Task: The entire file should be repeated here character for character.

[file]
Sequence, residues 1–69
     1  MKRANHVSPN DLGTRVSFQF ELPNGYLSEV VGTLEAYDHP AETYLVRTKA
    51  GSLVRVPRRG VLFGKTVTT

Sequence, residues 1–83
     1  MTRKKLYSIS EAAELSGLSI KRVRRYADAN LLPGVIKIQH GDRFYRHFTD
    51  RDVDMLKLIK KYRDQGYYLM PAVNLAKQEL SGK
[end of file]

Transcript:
Sequence, residues 1–69
     1  MKRANHVSPN DLGTRVSFQF ELPNGYLSEV VGTLEAYDHP AETYLVRTKA
    51  GSLVRVPRRG VLFGKTVTT

Sequence, residues 1–83
     1  MTRKKLYSIS EAAELSGLSI KRVRRYADAN LLPGVIKIQH GDRFYRHFTD
    51  RDVDMLKLIK KYRDQGYYLM PAVNLAKQEL SGK